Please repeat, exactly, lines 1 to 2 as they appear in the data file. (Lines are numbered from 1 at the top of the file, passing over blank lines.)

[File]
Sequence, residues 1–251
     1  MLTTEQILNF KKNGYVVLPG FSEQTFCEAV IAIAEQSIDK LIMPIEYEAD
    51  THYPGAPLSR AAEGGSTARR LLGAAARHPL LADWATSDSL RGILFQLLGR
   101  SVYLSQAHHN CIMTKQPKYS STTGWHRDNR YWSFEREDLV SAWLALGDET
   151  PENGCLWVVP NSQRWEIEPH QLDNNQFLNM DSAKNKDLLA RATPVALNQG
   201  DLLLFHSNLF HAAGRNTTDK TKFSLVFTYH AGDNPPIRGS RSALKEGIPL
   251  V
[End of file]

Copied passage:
Sequence, residues 1–251
     1  MLTTEQILNF KKNGYVVLPG FSEQTFCEAV IAIAEQSIDK LIMPIEYEAD